- Flight Simulator 98 – Released on September 16, 1997, it is generally regarded as a service release, offering minor improvements. Two notable exceptions were the first helicopter included as well as an improved interface for adding additional aircraft and sceneries. The default Cessna 182 had a photorealistic instrument panel and an updated flight model. The old Learjet 35 was replaced with the newer Learjet 45. The scenery was now including 45 detailed cities as well as over 3,000 airports worldwide compared to only 300 in the earlier edition. Support for the Microsoft Sidewinder Pro Force Feedback joystick allowed the pilot to receive simulated forces on the aircraft controls.
- Flight Simulator 2000 – Released in late 1999, it was available in Standard and Professional editions. Scenery 3D elevation changes were included and FS2000 demanded very high-end hardware to have decent framerate especially when performing sharp turns in a graphically dense area. The weather engine got rain and snow as well as the ability to download real-world weather. Some of the new aircraft was the supersonic Concorde and the Boeing 777. New airports were added by 17,000, for a total exceeding 20,000 worldwide. A radio navigation database was included to make longer international flights possible with GPS included for the first time. Some larger commercial airports had detailed apron and taxiway structures based on Jeppesen’s aviation database.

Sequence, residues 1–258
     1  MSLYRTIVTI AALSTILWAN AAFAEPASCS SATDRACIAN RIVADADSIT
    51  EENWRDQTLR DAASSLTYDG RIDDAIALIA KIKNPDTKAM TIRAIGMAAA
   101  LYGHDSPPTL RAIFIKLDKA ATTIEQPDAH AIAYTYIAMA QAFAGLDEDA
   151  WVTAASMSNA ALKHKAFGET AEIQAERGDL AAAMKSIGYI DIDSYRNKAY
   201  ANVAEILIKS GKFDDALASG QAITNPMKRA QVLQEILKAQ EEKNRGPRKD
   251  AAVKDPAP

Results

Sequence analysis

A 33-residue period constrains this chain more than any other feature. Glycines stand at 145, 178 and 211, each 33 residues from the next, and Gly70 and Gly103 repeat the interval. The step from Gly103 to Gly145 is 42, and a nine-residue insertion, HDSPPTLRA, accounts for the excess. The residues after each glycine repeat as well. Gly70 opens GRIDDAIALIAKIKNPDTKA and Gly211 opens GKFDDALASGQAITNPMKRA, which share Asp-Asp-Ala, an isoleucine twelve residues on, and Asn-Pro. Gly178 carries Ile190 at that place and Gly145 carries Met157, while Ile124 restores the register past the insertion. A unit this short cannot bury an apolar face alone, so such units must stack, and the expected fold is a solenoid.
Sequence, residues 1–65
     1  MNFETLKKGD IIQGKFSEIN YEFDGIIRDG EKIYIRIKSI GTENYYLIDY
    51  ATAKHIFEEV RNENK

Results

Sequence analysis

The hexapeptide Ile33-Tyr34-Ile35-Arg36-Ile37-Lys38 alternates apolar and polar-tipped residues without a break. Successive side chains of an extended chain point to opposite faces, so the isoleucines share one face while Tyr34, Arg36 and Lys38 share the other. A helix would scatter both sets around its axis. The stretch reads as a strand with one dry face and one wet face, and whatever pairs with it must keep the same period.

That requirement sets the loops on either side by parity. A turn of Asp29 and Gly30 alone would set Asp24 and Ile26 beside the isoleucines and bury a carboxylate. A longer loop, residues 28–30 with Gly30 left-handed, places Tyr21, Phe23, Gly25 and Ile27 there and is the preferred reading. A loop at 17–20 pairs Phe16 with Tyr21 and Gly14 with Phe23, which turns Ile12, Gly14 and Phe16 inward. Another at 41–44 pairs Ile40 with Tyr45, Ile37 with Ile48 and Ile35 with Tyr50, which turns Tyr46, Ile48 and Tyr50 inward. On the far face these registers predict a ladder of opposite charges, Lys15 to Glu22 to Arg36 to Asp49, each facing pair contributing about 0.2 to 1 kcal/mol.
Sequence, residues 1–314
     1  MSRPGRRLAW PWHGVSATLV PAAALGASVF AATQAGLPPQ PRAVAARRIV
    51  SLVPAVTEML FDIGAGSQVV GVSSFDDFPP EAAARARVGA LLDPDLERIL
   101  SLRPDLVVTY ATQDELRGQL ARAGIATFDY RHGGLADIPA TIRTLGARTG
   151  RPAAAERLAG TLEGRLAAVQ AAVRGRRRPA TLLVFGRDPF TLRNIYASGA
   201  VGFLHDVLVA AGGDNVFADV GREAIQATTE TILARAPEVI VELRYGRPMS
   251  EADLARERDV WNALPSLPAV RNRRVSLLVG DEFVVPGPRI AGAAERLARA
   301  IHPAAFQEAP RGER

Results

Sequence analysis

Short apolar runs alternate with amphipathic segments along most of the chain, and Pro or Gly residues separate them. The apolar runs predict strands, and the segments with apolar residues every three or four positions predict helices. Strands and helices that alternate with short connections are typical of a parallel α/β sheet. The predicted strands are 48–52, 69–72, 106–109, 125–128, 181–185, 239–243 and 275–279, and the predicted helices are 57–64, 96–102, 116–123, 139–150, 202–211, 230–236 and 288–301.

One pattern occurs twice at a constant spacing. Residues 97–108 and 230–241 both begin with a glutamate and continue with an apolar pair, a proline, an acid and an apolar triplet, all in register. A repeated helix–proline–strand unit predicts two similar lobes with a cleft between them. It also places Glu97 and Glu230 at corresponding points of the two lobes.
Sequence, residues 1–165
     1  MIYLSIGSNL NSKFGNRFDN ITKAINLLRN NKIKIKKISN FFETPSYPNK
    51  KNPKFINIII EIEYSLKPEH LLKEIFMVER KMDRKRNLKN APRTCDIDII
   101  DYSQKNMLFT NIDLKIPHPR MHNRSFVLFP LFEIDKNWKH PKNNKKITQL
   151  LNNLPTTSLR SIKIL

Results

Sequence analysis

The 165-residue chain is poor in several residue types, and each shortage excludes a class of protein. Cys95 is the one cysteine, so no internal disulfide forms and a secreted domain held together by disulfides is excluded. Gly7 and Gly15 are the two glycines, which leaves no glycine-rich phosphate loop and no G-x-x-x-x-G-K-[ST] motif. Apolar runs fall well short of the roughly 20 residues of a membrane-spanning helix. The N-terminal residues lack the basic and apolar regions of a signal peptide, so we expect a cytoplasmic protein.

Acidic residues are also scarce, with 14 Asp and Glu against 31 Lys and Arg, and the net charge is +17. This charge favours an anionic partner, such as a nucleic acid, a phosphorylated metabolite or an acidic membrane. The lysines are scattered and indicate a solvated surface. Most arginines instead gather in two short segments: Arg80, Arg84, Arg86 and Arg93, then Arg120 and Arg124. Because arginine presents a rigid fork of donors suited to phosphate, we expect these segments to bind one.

- Flight Simulator 2002 – Released in October 2001, it added automatically generated 3D objects, built-in Air Traffic Control, and computer-controlled air traffic. An option for a target framerate was added, although the heavy stutters in the previous edition, FS2002 with automatically generated 3D objects, ran smoother even on comparable hardware.